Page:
Posted by

Ayla Uzunhasan

01 Aug 2013

At the age of 16 and in my final year at secondary school, I could have been described as vulnerable and a little confused. Unaware of what was going to be the next stage of my life, with no guidance and no help to make decisions that would determine my career path. I worked hard, went to college and studied Media Print (which was effectively ‘writing for media’). I enjoyed English and enjoyed writing, so it was the perfect course and I was lucky enough to love the two years I was there. Once I’d passed, my teachers told me that I had to go to university. They told me I would do really well and it would be the best thing for me. I agreed and decided to do Journalism, and in fact got into my first choice university. I was over the moon, but deep down I didn’t know why. I hadn’t thought about other options; I was unsure of the course, unaware of what jobs would be available to me as a graduate – and I was having very big doubts as to whether university would be for me.

I didn’t go.

Instead, I stayed in my part-time retail job, but through determination and research I managed to figure out what my next step would be. I continued writing, volunteering for a local newspaper and entering writing competitions. I disliked my job and the fact I was approaching nearly three years there, so I decided to put pressure on myself to leave.  I made mistakes, but if I hadn’t had the strength to look for something that suited me, I would probably still be working in a job I loathed. What gave me the willpower to find a suitable apprenticeship was not influenced by teachers, my parents or my friends but my own self-motivation. It wasn’t easy either. It took two years of searching and applying to find the right role.

Some people are not like me however. Some need advice, guidance and that little bit of help to get them on the right path.

While at school, I was probably given the worst advice: ‘Don’t work in McDonalds and do something with your life’. At the time, being young we all laughed and joked that it would never happen. But the fact of the matter now is, that if you worked in McDonalds then you are actually lucky to even have that job. The perceptions I had of what were good and bad jobs were all influenced by my school. The lack of communication, resources and advisors didn’t allow for us be clued up on careers. We were aware of the obvious – doctor, teacher, hairdresser etc. But what other options were there? I had decided I should become a journalist because I like writing, but that’s because, as far as I knew, there weren’t any other choices. A fair amount of my classmates also decided on their ultimate career without enough knowledge, but so far many have failed to even come close to achieving it.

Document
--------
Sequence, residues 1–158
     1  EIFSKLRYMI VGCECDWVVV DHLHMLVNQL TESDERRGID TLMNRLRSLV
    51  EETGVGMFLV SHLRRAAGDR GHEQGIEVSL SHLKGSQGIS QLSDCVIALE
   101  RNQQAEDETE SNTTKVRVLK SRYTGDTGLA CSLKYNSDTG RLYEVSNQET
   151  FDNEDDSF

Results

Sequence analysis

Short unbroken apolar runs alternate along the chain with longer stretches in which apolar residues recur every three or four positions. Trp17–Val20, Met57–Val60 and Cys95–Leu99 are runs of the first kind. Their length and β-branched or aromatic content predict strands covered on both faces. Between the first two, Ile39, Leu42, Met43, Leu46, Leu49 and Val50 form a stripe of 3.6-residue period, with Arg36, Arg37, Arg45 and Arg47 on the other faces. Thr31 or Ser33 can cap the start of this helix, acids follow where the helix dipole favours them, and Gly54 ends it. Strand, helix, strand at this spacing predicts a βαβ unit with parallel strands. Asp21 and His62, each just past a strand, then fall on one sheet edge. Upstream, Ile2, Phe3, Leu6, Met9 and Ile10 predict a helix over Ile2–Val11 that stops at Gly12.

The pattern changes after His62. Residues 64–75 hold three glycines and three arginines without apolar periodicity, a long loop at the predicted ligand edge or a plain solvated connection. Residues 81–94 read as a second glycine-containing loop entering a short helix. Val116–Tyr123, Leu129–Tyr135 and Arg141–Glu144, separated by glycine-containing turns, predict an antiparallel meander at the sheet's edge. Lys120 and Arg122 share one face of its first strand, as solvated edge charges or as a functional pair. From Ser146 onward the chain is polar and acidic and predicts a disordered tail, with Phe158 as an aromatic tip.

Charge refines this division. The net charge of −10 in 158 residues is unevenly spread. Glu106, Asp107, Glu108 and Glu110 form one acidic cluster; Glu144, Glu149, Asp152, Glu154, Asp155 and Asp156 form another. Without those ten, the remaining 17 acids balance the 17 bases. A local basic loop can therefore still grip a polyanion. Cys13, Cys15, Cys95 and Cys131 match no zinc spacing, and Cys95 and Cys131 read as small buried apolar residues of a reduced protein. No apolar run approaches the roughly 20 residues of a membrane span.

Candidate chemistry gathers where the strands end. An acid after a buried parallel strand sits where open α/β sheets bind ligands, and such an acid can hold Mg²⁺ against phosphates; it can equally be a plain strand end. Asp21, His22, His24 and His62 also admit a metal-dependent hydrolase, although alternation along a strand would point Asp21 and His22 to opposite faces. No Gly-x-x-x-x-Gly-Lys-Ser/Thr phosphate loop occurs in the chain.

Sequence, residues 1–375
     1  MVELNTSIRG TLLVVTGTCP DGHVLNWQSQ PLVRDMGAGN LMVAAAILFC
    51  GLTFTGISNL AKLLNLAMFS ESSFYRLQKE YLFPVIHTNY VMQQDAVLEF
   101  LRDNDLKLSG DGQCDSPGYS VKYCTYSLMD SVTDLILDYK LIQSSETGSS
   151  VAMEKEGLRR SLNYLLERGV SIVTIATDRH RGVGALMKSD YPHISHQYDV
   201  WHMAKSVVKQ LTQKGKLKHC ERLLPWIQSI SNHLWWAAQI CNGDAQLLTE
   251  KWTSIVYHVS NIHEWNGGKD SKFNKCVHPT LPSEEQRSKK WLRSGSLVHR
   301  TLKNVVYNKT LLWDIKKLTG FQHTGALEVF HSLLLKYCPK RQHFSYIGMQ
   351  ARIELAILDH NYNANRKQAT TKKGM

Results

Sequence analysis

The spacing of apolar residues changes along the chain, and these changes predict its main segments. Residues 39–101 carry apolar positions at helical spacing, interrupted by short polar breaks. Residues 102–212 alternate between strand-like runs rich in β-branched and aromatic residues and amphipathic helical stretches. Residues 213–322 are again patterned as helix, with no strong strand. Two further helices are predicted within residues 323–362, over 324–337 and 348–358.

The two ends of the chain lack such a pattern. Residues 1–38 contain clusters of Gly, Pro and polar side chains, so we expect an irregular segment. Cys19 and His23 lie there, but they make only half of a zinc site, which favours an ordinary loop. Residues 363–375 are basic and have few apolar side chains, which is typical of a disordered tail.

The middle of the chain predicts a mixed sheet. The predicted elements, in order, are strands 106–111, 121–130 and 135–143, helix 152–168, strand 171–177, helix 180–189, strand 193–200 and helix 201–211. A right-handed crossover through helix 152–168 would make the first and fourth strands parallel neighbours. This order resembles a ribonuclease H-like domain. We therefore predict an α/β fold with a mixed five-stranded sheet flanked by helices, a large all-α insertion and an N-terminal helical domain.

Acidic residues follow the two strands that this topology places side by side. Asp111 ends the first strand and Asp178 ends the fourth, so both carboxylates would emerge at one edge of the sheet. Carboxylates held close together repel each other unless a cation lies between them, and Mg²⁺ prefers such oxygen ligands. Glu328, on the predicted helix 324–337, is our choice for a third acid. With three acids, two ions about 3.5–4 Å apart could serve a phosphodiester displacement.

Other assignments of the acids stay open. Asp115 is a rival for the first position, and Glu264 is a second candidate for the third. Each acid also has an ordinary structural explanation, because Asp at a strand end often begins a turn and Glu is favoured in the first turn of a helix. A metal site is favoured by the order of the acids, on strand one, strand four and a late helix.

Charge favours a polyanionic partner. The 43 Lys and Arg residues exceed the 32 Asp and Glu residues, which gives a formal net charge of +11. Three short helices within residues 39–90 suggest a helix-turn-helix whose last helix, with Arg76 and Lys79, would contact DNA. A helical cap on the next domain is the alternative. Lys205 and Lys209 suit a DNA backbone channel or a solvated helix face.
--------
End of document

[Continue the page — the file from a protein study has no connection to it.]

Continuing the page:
I believe the advice that we received from teachers us an incomplete idea of the working world, failed to mention how hard it would be and didn’t educate us properly on what we had to do to get a good job. At the age of 20, I am now much more aware. Work experience placements, apprenticeships, voluntary work – all are great ways of building your skills. I, however, had to work that out myself.

The BCC acknowledges these problems and Chambers of Commerce help by holding events at local schools, explaining what working life is like, giving advice on interview techniques, helping pupils find work experience and allowing local businesses to come in and run workshops. All are highly effective methods of assisting young people to be prepared for work, as well as giving them a better idea of what options are out there. Not only do Chambers help with schools, they also work with the young unemployed people who have left school and are unsure as to what they can do next.

Although qualifications are important, employers often look for other attributes that stand out: experience, applicable skills and the right attitude are three things that make a candidate more desirable. It’s easier to display the other traits but hard to demonstrate experience when you don’t have any. But this is where career advisors should step in and teach young people how to sell themselves and show that we’re worth employing.

At the British Chambers of Commerce, I work as a Social Media Apprentice. Having been here a month, not only have I learnt so much already but I have also had so much involvement in the organisation itself. While gaining great experience doing my job, I am also studying a digital media course and am able to spend time at work completing my course modules. My college course offers e-learning material and modules on different subjects, allowing me to expand my knowledge and learn completely new things to enhance my skills at work. Already I feel like a valued member of staff, and having held no previous work experience within an office environment – it’s amazing that I have been given an opportunity like this. 

The British Chambers of Commerce is a great supporter of schemes that help young people gain a future, but I wonder if we all had greater access to careers advisors and workshops at schools, which give us a clearer idea of what options are available, whether more people would study harder, find a job that they actually wanted to do and achieve their goals?